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SS Mauretania

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SS Mauretania
SS Mauretania.jpg
RMS Mauritania.jpg
War time grey paint job - photo Wikipedia
History
Name SS Mauretania
Owner Cunard White Star Line
Builder Cammell Laird, Birkenhead
Yard number 1029
Launched 28 Jul 1938
Completed 1939
In service 17 Jun 1939
Out of service 1965
Fate Scrapped in the UK
General characteristics
Type Ocean Liner
Tonnage 35,739 tons
Length 771 feet, 10 inches (235.26m)
Beam 89 feet, 4 inches (27.23)
Depth 33 feet (10.06m)
Propulsion Twin turbines
Speed 23 knots
Capacity 7,124 passengers



Remarks

Built for the Cunard White Star Line. Named Mauretania to honour the previous record breaking Mauretania which had been retired in 1935. The ship was designed for the London to New York service and was the largest vessel ever to navigate the River Thames and use the Royal Docks. She was also intended to stand in for one of the Cunard Queens when they were undergoing maintenance.


Mauretania was to experience only the briefest period of commercial operation before the outbreak of hostilities halted this work for over six years. In September 1939 she was requisitioned by the government, had some armaments attached, painted battle grey and then dispatched to the US where she was idle for the next three months. Converted in Sydney as a troop ship she left Sydney as part of one of the greatest convoys ever mustered for the transport of troops. With her were Queen Mary, Queen Elizabeth, and Aquitania, with 2,000 troops, bound for the River Clyde via South Africa. Other notable liners in this great convoy were RMS Empress of Britain, RMS Empress of Canada, RMS Empress of Asia, and SS Nieuw Amsterdam.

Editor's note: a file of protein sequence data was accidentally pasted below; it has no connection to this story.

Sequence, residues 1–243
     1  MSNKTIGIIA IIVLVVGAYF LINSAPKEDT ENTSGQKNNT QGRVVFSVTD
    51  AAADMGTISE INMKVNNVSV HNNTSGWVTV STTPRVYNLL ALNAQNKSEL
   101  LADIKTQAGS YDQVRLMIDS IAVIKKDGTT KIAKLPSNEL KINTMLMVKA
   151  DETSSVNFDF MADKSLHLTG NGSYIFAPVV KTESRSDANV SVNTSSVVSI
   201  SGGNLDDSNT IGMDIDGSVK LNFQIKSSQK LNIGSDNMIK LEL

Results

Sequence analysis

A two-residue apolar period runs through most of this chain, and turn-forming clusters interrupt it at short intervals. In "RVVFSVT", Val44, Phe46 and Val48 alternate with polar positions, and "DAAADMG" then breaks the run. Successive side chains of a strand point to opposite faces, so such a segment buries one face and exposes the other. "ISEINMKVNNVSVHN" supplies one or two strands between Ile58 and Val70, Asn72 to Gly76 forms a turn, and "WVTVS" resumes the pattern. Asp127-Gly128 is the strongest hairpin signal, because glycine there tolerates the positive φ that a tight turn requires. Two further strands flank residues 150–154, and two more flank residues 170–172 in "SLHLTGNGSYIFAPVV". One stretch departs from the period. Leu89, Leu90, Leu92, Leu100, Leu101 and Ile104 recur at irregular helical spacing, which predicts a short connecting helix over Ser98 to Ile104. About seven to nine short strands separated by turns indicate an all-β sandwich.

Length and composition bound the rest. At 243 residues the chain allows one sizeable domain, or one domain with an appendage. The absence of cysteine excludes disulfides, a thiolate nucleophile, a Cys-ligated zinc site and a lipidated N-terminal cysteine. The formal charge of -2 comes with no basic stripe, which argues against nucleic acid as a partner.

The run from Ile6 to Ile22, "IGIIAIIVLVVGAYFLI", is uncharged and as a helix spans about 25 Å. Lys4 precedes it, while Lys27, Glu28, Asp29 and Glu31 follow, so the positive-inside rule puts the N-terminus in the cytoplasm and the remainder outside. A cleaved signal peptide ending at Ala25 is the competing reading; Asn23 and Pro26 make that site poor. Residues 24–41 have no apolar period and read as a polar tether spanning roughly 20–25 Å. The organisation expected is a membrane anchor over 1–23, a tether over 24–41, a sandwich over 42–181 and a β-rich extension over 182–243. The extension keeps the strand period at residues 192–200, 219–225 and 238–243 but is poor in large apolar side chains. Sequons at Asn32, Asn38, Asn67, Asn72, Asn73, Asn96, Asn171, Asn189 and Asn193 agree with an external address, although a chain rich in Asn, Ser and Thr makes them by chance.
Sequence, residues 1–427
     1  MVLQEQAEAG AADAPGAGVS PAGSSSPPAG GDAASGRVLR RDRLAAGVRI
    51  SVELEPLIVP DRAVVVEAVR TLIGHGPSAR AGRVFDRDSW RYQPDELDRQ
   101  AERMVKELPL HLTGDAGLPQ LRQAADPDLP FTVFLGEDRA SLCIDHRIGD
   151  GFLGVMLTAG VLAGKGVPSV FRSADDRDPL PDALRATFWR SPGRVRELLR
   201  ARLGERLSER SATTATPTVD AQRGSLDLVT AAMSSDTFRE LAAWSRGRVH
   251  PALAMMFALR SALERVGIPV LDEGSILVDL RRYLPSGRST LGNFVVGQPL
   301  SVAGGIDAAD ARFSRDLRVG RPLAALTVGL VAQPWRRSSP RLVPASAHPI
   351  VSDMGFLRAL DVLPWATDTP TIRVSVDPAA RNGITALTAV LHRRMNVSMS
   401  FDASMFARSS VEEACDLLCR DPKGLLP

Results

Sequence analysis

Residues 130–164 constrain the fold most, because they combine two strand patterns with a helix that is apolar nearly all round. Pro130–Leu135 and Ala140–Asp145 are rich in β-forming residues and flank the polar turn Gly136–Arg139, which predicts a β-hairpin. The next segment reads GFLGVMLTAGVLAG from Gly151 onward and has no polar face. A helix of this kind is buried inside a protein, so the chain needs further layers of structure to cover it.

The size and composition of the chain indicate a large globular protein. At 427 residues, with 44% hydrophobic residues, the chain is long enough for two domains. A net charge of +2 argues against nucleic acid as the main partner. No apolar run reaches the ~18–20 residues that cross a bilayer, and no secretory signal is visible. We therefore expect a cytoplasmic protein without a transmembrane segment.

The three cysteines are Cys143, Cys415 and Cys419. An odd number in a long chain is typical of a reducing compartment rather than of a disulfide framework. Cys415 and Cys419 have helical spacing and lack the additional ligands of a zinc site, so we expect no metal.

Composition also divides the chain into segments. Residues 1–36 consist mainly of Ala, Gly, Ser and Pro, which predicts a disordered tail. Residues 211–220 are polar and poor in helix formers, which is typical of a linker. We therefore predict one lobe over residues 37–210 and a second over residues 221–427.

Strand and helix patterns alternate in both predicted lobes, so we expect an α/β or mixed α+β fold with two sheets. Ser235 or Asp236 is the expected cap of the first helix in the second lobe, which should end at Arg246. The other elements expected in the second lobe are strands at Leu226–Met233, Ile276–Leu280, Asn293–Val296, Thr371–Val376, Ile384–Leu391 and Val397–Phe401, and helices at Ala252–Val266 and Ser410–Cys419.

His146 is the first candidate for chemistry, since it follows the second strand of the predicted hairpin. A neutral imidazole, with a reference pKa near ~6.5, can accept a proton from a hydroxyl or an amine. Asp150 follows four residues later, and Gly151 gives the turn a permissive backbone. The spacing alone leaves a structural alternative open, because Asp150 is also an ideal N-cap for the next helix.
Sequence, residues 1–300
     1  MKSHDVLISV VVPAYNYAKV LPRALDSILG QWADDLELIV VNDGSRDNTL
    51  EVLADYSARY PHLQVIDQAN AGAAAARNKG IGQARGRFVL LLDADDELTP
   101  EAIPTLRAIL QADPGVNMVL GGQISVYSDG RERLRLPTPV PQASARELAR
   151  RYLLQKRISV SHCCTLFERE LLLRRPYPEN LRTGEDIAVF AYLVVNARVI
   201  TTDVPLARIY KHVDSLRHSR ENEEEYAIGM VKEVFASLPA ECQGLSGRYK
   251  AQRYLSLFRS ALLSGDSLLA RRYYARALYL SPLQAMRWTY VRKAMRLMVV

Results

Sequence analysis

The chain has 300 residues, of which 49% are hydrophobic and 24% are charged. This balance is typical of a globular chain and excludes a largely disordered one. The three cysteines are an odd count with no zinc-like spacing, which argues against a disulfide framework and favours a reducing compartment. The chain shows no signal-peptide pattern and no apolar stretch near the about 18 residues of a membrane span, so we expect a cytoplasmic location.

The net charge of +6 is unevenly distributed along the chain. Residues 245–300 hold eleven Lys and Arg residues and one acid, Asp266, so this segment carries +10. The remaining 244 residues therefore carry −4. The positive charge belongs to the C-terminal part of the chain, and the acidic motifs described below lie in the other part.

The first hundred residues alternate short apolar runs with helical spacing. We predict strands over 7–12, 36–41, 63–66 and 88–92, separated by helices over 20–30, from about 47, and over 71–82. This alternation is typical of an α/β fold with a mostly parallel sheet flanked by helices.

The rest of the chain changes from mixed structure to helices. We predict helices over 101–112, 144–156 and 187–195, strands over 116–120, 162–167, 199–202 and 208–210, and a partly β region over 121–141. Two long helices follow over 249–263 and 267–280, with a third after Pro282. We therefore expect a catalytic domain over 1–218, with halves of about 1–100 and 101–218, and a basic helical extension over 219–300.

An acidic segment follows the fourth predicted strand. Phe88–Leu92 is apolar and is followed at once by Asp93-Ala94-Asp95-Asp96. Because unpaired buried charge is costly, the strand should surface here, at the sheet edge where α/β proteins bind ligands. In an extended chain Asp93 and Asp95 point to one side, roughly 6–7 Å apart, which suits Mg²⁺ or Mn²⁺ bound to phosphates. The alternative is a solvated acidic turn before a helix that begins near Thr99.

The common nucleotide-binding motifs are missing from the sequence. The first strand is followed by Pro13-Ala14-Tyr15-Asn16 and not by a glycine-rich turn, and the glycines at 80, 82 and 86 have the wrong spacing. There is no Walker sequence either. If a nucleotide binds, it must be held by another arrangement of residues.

During the early stages of the war the ship transported Australian troops to Suez, India and Singapore but later she mainly served in the North Atlantic. Like Aquitania, she amassed over 50,000 nautical miles (93,000 km) during the course of her war duties, first crossing of the Indian Ocean, then working the Atlantic with American and Canadian troops and finally serving in the Pacific. In total she carried over 340,000 troops. After the war's end, Mauretania made several further voyages for the government repatriating troops. This mainly took the ship to Canada and Singapore. In addition, she made at least one voyage from New Zealand via Australia and South Africa to Liverpool.

Soldiers carried

Melbourne to Colombo (Convoy US 8), Ceylon 29 Dec 1940 - 11 Jan 1941

Port Tewfik, Egypt to Durban, South Africa 21 - 31 October 1941

Suez Canal Zone to Fremantle 15 November - 3 December 1942